Canadian GDP for September fell

Posted: Friday, November 30, 2018 - 09:19 EST

Canadian GDP for September fell by 0.1%, which missed expectations of an increase of 0.1%.  Third quarter GDP growth was reported at an annualized pace of 2.0%, while year over year GDP stands at 2.1%.  As noted by the Bank of Canada, third quarter growth was expected to fall from Q2, which was reported at 2.9%.  The energy sector displayed the largest declines as oil prices have declined from their highs earlier this year.  Household spending and business investment also fell as a result of trade uncertainty.  The Bank of Canada, which will assess incoming data for the pace of future rate hikes, and is not expected to increase the overnight rate at next week’s meeting.  Current implied probability are pricing in a 99% chance that the central bank keeps rates unchanged.

All three leaders from Canada, Mexico and the U.S. will be signing the USMCA agreement this morning, which will replace NAFTA going forward.  Despite all three countries agreeing to the deal, one large hurdle remains – the new bill must be passed in the U.S. congress which is now democrat controlled.  Previously, the democrats indicated that they would require changes to the deal, which adds a degree of uncertainty.  In addition, Canadian Prime Minister Trudeau also noted that currently imposed steel and aluminum tariffs remain obstacles, despite the new trade deal adding stability for the Canadian economy.  Otherwise, focus has shifted to this weekend G-20 meetings between China and the U.S.  President Trump and Xi are expected to meet and discuss the new tariffs, which Trump threatened to enact a new round of taxes on $200 billion worth of Chinese goods.

The new issue Canadian corporate credit market was active yesterday with Loblaws issuing two tranches – $400mil 5.5-year and $400mil 10-year bonds.  Proceeds of the new deal would be used to refinance next year’s maturity, which the company announced they would redeem after market close yesterday.  As a result of new issue concession, the 5.5-year tranche brought out 65 buys, while the 10-year bond saw 50 buyers.  Late fills for both was approximately 10%.  The new deal also repriced spreads across BBB-rated bonds, especially those related to retail exposure.  With oil prices hovering around $50/barrel this morning, energy sector spreads remain pressured.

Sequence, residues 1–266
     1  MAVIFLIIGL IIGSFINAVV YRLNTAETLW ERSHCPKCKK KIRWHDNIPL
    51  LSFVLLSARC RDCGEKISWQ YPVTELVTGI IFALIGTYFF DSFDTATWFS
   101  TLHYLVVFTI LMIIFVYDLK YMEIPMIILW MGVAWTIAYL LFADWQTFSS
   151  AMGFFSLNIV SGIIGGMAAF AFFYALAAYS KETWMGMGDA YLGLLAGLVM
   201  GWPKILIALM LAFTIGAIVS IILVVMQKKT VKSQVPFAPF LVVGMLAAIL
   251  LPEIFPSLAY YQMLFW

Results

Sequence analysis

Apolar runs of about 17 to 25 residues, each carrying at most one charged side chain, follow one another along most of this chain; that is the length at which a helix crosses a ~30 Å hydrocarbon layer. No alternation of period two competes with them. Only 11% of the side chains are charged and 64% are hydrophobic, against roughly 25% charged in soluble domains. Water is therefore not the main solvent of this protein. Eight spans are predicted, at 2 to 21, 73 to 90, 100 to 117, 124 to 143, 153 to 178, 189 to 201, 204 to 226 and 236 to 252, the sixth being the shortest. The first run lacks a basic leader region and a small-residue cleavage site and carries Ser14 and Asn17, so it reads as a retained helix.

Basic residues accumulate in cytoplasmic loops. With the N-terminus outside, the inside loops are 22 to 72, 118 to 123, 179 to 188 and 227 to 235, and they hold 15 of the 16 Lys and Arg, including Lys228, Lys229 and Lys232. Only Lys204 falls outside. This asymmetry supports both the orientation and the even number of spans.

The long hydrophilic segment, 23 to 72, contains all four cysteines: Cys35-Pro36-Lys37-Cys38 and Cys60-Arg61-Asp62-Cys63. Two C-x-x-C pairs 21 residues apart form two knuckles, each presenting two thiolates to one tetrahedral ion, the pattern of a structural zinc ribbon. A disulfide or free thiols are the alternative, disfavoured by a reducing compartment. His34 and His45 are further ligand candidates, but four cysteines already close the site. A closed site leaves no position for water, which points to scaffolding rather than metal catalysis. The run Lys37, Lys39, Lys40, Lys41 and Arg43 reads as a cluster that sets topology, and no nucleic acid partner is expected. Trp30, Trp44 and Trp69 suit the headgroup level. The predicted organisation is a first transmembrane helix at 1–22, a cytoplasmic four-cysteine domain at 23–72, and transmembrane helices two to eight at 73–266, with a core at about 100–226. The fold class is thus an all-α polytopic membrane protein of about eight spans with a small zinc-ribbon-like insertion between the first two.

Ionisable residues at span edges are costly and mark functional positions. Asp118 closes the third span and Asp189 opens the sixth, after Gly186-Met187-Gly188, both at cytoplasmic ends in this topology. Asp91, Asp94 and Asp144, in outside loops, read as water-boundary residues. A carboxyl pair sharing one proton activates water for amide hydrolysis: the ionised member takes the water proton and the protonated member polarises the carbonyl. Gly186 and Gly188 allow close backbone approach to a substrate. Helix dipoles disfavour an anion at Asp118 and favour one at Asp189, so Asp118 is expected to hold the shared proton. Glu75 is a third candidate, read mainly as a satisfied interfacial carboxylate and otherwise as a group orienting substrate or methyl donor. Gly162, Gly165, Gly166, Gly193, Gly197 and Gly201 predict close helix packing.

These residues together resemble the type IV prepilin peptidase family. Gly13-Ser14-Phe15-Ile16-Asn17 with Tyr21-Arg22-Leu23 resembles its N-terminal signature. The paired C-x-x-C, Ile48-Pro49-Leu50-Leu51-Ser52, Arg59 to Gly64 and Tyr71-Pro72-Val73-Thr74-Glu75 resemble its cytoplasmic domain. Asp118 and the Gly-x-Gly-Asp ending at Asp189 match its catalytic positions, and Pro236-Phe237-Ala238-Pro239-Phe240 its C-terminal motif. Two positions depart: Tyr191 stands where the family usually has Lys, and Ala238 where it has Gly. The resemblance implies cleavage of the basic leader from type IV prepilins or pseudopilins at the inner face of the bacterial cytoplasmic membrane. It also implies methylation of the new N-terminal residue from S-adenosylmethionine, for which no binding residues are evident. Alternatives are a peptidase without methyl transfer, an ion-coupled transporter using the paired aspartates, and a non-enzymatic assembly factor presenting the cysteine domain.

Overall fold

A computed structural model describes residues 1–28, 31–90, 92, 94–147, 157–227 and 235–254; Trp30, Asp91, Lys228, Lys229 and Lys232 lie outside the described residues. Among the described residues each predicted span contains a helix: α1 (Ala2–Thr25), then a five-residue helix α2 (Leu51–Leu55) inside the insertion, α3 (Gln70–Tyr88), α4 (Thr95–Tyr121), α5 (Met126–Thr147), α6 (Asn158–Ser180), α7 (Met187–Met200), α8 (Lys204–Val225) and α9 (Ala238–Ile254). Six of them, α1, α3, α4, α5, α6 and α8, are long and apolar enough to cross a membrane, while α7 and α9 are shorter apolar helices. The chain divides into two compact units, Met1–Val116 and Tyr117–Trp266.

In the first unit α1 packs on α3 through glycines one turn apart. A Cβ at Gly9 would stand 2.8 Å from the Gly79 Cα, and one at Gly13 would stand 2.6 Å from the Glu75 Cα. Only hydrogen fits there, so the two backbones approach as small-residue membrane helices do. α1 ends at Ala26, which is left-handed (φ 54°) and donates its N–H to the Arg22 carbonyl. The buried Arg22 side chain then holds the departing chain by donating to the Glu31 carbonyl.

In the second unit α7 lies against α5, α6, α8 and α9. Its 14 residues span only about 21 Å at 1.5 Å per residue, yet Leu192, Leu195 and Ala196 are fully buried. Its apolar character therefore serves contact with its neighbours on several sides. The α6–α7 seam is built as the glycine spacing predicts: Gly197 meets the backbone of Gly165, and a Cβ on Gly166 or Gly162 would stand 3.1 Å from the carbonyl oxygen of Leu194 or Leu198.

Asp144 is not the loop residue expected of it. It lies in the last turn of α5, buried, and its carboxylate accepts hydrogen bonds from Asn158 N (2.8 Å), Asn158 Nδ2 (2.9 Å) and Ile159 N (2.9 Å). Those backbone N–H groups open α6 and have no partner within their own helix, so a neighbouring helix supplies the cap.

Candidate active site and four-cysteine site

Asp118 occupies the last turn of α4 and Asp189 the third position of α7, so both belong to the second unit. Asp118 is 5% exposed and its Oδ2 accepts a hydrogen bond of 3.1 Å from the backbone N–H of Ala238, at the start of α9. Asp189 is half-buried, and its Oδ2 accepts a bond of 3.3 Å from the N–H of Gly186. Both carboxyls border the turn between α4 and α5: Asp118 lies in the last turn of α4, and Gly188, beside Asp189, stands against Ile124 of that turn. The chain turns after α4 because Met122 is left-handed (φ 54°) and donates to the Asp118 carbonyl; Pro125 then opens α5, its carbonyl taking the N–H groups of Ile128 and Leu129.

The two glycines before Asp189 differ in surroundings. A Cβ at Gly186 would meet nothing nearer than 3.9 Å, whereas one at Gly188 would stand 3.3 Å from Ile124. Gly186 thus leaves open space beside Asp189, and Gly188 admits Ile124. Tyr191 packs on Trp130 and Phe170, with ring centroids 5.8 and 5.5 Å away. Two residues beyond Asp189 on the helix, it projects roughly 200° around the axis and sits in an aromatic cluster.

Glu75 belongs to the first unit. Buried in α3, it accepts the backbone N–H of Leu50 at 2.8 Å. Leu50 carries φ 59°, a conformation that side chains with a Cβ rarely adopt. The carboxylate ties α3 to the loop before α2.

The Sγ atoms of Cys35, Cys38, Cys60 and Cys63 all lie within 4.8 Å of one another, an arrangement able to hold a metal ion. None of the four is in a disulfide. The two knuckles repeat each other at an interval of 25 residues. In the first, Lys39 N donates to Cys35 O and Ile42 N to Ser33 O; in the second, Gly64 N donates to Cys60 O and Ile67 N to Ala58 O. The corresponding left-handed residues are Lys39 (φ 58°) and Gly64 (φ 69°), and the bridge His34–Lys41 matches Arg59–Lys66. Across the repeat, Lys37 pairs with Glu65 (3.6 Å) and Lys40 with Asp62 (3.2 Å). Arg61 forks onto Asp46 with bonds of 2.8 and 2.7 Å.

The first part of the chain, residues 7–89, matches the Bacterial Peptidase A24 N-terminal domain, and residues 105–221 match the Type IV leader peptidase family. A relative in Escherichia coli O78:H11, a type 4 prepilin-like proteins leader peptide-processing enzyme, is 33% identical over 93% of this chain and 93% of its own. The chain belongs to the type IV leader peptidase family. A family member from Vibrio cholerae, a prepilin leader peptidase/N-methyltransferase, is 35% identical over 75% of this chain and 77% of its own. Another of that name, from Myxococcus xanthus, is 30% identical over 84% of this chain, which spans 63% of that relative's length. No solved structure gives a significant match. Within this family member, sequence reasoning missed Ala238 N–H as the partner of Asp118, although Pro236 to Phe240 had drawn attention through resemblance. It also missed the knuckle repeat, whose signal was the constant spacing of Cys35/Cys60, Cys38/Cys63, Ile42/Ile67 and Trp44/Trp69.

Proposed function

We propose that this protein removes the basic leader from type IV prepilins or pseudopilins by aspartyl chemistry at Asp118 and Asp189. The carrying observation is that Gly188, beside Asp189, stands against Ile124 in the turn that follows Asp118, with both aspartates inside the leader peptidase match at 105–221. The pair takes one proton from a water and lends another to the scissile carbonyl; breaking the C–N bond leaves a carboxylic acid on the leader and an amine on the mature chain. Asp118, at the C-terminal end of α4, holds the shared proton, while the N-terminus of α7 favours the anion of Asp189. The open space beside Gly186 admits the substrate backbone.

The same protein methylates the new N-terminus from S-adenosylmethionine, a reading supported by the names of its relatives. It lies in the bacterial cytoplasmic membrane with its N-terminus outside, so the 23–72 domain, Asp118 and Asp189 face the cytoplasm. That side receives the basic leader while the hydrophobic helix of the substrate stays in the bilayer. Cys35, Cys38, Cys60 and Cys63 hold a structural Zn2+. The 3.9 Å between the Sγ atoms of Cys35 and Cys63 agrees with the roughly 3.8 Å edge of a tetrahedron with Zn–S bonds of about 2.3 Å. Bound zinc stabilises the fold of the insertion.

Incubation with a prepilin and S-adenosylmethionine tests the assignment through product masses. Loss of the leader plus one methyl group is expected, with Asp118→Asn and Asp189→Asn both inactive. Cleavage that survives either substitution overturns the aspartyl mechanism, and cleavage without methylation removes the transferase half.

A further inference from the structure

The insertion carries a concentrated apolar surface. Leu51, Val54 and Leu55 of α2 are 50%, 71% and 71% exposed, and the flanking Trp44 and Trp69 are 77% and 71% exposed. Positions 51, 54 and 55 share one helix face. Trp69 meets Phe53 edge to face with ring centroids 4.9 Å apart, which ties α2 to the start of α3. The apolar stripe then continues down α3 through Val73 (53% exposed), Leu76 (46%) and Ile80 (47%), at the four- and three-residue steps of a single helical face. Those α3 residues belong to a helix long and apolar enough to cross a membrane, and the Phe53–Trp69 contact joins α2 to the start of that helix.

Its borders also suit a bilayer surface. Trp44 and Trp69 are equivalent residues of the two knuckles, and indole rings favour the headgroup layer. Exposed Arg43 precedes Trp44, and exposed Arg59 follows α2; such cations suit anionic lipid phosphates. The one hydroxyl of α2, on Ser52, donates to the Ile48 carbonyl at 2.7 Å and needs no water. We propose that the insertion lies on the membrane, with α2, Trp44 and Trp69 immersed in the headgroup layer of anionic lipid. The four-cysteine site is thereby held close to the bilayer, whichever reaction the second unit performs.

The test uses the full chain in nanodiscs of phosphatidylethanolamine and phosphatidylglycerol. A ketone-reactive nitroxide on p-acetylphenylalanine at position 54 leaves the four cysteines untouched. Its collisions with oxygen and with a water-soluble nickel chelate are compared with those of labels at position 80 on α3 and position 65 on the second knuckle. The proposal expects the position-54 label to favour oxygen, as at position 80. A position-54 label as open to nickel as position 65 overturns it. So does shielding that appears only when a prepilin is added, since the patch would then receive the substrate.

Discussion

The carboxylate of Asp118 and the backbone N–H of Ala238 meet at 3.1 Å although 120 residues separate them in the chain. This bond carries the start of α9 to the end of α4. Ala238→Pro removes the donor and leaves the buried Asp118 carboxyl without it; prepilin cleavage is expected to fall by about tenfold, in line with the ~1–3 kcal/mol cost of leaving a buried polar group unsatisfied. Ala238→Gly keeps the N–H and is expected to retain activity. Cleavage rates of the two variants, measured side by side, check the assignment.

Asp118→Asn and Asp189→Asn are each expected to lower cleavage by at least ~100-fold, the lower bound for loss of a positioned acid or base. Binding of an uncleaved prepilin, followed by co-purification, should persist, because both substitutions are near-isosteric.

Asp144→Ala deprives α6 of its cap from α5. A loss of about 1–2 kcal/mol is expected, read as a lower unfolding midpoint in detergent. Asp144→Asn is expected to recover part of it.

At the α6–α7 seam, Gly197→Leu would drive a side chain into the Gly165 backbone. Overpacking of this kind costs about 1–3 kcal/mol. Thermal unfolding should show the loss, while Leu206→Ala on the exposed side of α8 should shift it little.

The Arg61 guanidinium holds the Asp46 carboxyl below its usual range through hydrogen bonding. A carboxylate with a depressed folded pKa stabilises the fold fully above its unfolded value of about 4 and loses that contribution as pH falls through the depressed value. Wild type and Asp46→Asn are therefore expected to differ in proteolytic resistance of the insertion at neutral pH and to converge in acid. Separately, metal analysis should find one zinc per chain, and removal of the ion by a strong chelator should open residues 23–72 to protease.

The Canadian corporate credit market was again quiet following the U.S. holiday weekend, although Canadian Credit Card Trust did issue an ABS deal that raised approximately $635mil across three tranches.  The new issue priced at +80bps, +155bps, and +235bps across the curve for each of the tranches respectively.  In the secondary market, spreads remained weak with flows skewed towards client selling.

Equity Markets:


  Index Level % Change QTD YTD Q2 2017 Q3 2017 Q4 2017 Q1 2018 Q2 2018 Q3 2018
S&P 500 2,737.76 -0.22% -5.72% 4.23% 3.09% 4.48% 6.64% -0.76% 3.43% 7.71%





-1.64% 3.68% 4.44% -4.52% 6.77% -0.56%




% Change

QTD change

YTD change

Q2 2017

Q3 2017

Q4 2017

Q1 2018

Q2 2018

Q3 2018

Canada 5 Year


-0.07% -0.14% 0.34% 1.39% 1.75% 1.87% 1.97% 2.07% 2.34%
Canada 10 Year 2.28% -0.05% -0.15% 0.23% 1.76% 2.10% 2.05% 2.09% 2.17% 2.43%
Canada 30 Year 2.38% -0.03% -0.04% 0.12% 2.15% 2.47% 2.27% 2.23% 2.21% 2.42%
30yr Generic Corporate A rated Spread 1.30% 0.02% 0.00% 0.02% 1.21% 1.24% 1.21% 1.24% 1.28% 1.30%
30yr All-in Corporate A rated Yield


-0.01% -0.04% 0.14% 3.36% 3.71% 3.48% 3.47% 3.45% 3.72%
US 10 Year 3.01% -0.02% -0.05% 0.61% 2.31% 2.33% 2.41% 2.74% 2.86% 3.06%
CDX IG 75.069 0.561                

The information contained herein is intended for advisors for general information only and is compiled from sources believed to be reliable, but no representation or warranty, express or implied, is made as to its accuracy. All opinions contained in the commentary and expressed by the portfolio manager are subject to change without notice and are provided in good faith without legal responsibility. All market data is sourced from Bloomberg.